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Considering coronavirus as a design opportunity

| Wednesday, March 25, 2020

I’m sure the shift to online instruction will be a different experience for all of us. For me, an industrial design student, the (intended) structure of my design classes seems to be similar for the most part. But for these courses, heavily reliant on collaborative thinking and visual feedback, the new online barrier presents a unique challenge I’m interested to encounter.

Granted, design – while typically communicative and collaborative – is also fairly independent. Even at school, we’re usually on our own laptops, on our separate Creative Cloud accounts, working on our individual design endeavors. 

And with the digital tools of today, it certainly isn’t uncommon for designers to collaborate digitally, rather than in-person. In fact, that is how a lot of professional designers communicate — online. 

However, personally, even as I develop my creations independently, I love the process of sharing my work with my peers. It’s a huge part of the design experience — to be able to bounce ideas off of creative individuals, ask questions and gain exposure to creative avenues you may have never come to think of on your own. And I like to do this in person.

So, I am a little sad to say goodbye to the long nights at the Lake House (also known as West Lake Hall, the design building by the lake no one knows about), where all the real designing happens — in solidarity, everyone struggling to meet their deadlines. 

But designers are all about changing for the better. We’re adaptable and innovative, and we’re bound to make the best of this situation. It is this kind of attitude that makes me grateful to be a designer.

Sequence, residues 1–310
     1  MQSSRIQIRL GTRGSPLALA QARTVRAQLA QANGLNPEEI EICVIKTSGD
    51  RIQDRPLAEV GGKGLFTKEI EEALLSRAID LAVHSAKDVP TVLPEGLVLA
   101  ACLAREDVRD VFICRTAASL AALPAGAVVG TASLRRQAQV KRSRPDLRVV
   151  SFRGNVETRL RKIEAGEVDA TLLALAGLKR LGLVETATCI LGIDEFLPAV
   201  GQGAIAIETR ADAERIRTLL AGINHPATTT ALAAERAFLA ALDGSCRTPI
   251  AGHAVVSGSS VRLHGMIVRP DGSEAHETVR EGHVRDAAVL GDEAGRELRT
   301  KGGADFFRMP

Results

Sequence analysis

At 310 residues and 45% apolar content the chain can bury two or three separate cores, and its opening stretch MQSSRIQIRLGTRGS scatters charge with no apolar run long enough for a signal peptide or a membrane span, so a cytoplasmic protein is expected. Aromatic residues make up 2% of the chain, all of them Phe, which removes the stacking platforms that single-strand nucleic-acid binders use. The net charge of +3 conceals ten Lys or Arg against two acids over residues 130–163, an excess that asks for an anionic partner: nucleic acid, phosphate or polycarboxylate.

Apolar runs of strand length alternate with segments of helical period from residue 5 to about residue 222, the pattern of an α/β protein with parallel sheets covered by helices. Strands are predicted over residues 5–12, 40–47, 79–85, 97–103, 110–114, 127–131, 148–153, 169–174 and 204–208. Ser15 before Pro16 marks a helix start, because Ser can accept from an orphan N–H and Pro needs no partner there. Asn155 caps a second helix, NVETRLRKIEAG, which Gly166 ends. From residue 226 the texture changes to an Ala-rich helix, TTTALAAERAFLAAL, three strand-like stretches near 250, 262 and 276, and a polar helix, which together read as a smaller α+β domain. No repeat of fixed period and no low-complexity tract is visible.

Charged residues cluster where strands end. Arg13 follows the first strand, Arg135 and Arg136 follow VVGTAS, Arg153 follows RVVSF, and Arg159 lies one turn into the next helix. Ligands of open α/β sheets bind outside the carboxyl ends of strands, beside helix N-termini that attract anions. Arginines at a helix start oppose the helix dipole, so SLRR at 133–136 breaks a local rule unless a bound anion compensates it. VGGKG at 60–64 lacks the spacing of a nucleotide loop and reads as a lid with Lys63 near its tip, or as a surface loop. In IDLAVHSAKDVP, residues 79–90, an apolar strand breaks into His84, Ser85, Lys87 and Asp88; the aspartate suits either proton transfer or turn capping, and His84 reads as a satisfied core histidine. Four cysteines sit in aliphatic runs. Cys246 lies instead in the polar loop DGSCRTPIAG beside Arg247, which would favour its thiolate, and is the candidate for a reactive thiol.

Even though it is inconvenient, and it forces me to work in a way that I’m not used to, this changing situation has already opened up so many design opportunities. Not only design students, but also professional designers in design studios, are now working from home. Although design conventions and showrooms are indefinitely closed, designers are innovating the way we now approach communication. Using augmented and virtual reality, studios and showcases are coming to life in innovative ways we’ve never needed to explore before. 

I recently read about the changing design of cities and how the design of urban living is altered by disease. Throughout history, the way homes and living spaces have been built have changed over time. By encountering different diseases, different natural challenges humans have faced before, architects have taken into consideration evolving human needs and implemented them into changes in infrastructure. 

In a situation such as this, where so many people are quarantined at home, where hospitals are overflowing with specific-need patients and where medical care may need to be self-administered in private living quarters, new considerations have surely risen. Designers are noticing new patterns and new needs. There are so many opportunities to develop ourselves!

So, I am a little frustrated, and a little annoyed with the way things have changed. But I am learning to appreciate the opportunities I have to develop myself within these circumstances. With new challenges come new discoveries, and I’m willing to look at our situation through hopeful, imaginative eyes — like a designer should.

 

The views expressed in this column are those of the author and not necessarily those of The Observer.

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